Hand Lake Trail: All-Ages Hike in Mt. Washington Wilderness

Head into the Sisters Wilderness and you’ll have a hundred-and-one options in terms of deep-wilderness adventures. It’s somewhat harder to find simple day trips that don’t require packing for nights in the mountains. And that’s why I want to highlight the Hand Lake hike, which is a quick family friendly day trek through an alpine forest.

From the trailhead the path starts nearly level, sheltered by a mixed-conifer forest. It’s only a half-mile walk from the start of the hike to Hand Lake, which is a lovely, shallow, and relaxing place to stop for a swim. And while it’s close to Scott Lake, it considerably less busy, even in July and August, which are the best months for a refreshing dip. Along with the lake there’s a rustic old wooden shelter, a lush meadow, and views of surrounding wilderness.

The hiking adventure doesn't stop here though, but continues by turning right and following a trailed signed for Robinson Lake. Walk back into the shade of a thick forest that’s rich with bunches of beargrass. The trees start to thin as the path gently ascends and opens to reveal an old lava flow. It’s a fascinating sight – the old ropy lava appearing to have just cooled, situated between grass and wildflowers.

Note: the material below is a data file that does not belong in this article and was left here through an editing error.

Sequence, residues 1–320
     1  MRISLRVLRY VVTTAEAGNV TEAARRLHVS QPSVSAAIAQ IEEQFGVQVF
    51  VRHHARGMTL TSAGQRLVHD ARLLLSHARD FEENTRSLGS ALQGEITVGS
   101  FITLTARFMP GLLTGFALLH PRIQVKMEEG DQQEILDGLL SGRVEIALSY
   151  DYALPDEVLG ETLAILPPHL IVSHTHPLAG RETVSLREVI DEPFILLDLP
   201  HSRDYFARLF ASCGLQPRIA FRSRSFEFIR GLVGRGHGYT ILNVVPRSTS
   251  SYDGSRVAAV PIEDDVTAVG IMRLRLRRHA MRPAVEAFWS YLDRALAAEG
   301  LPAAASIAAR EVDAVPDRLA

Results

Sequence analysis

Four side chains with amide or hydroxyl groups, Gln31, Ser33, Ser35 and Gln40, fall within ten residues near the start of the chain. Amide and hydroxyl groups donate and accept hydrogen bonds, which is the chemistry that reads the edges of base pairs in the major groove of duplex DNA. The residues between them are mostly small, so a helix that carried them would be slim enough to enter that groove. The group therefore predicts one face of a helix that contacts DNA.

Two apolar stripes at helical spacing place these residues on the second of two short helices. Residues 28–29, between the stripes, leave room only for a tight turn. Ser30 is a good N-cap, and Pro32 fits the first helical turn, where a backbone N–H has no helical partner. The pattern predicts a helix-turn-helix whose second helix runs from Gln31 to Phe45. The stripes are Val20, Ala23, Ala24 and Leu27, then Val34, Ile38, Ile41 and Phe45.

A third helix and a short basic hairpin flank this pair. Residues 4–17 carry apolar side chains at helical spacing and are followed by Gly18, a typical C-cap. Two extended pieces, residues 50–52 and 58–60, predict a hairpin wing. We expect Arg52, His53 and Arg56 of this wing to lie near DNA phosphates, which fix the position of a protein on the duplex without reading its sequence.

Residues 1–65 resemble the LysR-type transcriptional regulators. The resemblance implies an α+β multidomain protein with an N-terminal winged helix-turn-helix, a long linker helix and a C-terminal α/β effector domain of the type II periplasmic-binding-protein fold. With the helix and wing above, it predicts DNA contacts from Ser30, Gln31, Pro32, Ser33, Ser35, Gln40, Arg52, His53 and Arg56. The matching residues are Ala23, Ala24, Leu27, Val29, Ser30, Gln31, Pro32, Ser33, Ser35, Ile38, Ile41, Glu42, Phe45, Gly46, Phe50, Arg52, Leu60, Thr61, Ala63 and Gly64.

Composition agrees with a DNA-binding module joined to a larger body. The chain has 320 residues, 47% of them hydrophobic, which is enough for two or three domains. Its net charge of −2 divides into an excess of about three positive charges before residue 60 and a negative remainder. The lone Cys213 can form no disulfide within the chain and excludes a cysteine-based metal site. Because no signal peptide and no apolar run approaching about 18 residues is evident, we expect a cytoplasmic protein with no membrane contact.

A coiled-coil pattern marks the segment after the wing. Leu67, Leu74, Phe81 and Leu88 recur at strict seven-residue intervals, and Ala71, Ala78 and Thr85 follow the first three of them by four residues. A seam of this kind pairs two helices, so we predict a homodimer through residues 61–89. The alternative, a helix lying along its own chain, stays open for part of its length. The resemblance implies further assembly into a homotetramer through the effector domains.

Skirt the flow and keep your eyes peeled for a rock cairn that marks where the trail turns right and crosses the lava via an old wagon path. Once across the old flow the trail bends and loops back towards the lake. Stick to the trail instead of bushwacking and you’ll come across a spot by the lakeshore that (when the water level is low enough) you can take the plunge and swim over to a small hidden inlet. After shaking yourself dry, don’t forget to look up one last time before heading back to the trailhead – the ridge of the Three Sisters, lifting over the treeline, is worth a backwards glance.

As an interesting historical note, pioneer and mailman John Craig used to walk this trail back in the 1870s. He traveled by horse, wagon, or by foot to carry packages and letters over the terrain. He disappeared on this route in 1877 while heading east with a backpack of Christmas mail in a heavy backpack. Today a wilderness ski tour called the John Craig Memorial Race honors the brave mailman.

Note that free self-issue permits (available at the trailhead) are required for day and overnight hikes.

Directions from Sisters: Drive on Highway 242 west over McKenzie Pass. Look for the Hand Lake Trailhead on the right between mileposts 73 and 72. It’s about 4.5 miles west of the pass. There’s a small parking turnout and a sign at the start of the trail.

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